Wednesday, February 28, 2018

Do Americans REALLY Want Big Government? If So, Are They Willing To Pay With Higher Taxes?

In the last week three WSJ pieces commanded my attention, motivating me to combine them in a blog post. The first ('Government Spending Discourages Work')was an op-ed column (Feb. 27, p. A15)  by Edward Lazear - a professor at Stanford University's Graduate School of Business - and more importantly, a "Hoover Institution Fellow". To remind readers - one and all - it was under the illustrious  President Herbert Hoover that the infamous stock market crash of 1929 occurred - in large part because of Hoover's policies vis-a-vis Wall Street. That crash incepted the Great Depression.

No surprise that Lazear as a fellow of the Hoover Institution recycles much of their claptrap. Among which we see (ibid.):

"..Over time high spending necessitates high taxes and high taxes reduce work and restrains growth. Economic trends in developed nations show that low taxes and hard work are linked to robust growth.."


"Tax and spending rates correlate highly across the 35 OECD countries. Higher spending goes hand in hand with higher taxes, higher deficits, fewer worked hours and less growth."

But then there is another piece that pretty well refutes that bollocks.  'Germany, Awash In Money, Shies Away From Tax Cut'' (WSJ,  Feb. 21, p. A11) . focused on Germany posting a projected, consolidated budget surplus of 50 million euro ($62 billion) between now and 2021, The writer adding in typical sardonic WSJ fashion:

"The German government never had so much money or so many ideas of how to spend it,  The one thing that isn't discussed is giving it back to the taxpayers".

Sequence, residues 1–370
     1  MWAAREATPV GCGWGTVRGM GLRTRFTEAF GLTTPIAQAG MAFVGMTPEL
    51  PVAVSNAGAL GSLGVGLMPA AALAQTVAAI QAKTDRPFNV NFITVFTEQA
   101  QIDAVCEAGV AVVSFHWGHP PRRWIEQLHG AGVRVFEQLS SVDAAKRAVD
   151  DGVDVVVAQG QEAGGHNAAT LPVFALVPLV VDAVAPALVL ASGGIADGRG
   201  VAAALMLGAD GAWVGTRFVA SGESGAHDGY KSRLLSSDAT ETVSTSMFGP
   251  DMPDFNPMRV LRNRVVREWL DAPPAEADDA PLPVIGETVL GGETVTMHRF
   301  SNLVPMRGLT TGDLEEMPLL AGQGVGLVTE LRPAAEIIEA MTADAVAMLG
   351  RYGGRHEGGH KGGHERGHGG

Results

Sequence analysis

Which, of course, is a flat out incorrect interpretation, but let's admit the earlier cited Edward Lazear would be content with that take,. But let me clarify that for Germans that money   IS given back, but as extended unemployment insurance, paid family leave and free child care, higher education (free) and medical care. Not to mention generous pensions.

This was again made clear to us when we saw our German friends Reinhardt and Elli in Garmisch-Partenkirchen, in May 2013, e.g.

Image may contain: 5 people, people standing, mountain, sky, tree, outdoor and nature

At the time we discussed with Reinhardt -in one of many conversations -  the relative merits of the German and American work forces. I mentioned promotion specifically and he'd been emphatic that the idea that promotions were "worth more" in the USA was nonsense. "Workers have just as great an incentive here in Germany", he said, because seniority is based on the quality of one's work and "that same seniority determines one's pension."  When I pressed him further he agreed that Germans aren't ruled 'by the buck' (or euro), "Jawohl, it is true that we do not consider the money to be the main determinant of our lives. We treasure time to be with family also to travel and see the world later on."

He did agree also that higher taxes are part of it and enable benefits like higher pensions, more widely distributed social insurance and child care provisions  as well as a less profit oriented healthcare system. He acknowledged that taxes in the U.S. are substantially lower than in Europe but made it clear that translated into more social benefits for Europeans. 

"You will not see a European go bankrupt or become homeless from a medical problem." he averred.

This is where the WSJ piece on Germany's  surplus is misleading because it interprets and frames that surplus in terms of individualistic American nonsense that it must be  "given back" as tax cuts. Yeah, right, and WHO gets most of those cuts? Three guesses but the first two don't count.  This is also something Lazear glosses over in his claims that "government spending discourages work." I defy you to blab that to any red-blooded German, who are amongst the hardest working and most productive citizens in the world. And who - because of that hard work - expect and demand their government use any extra money for taxes on social services.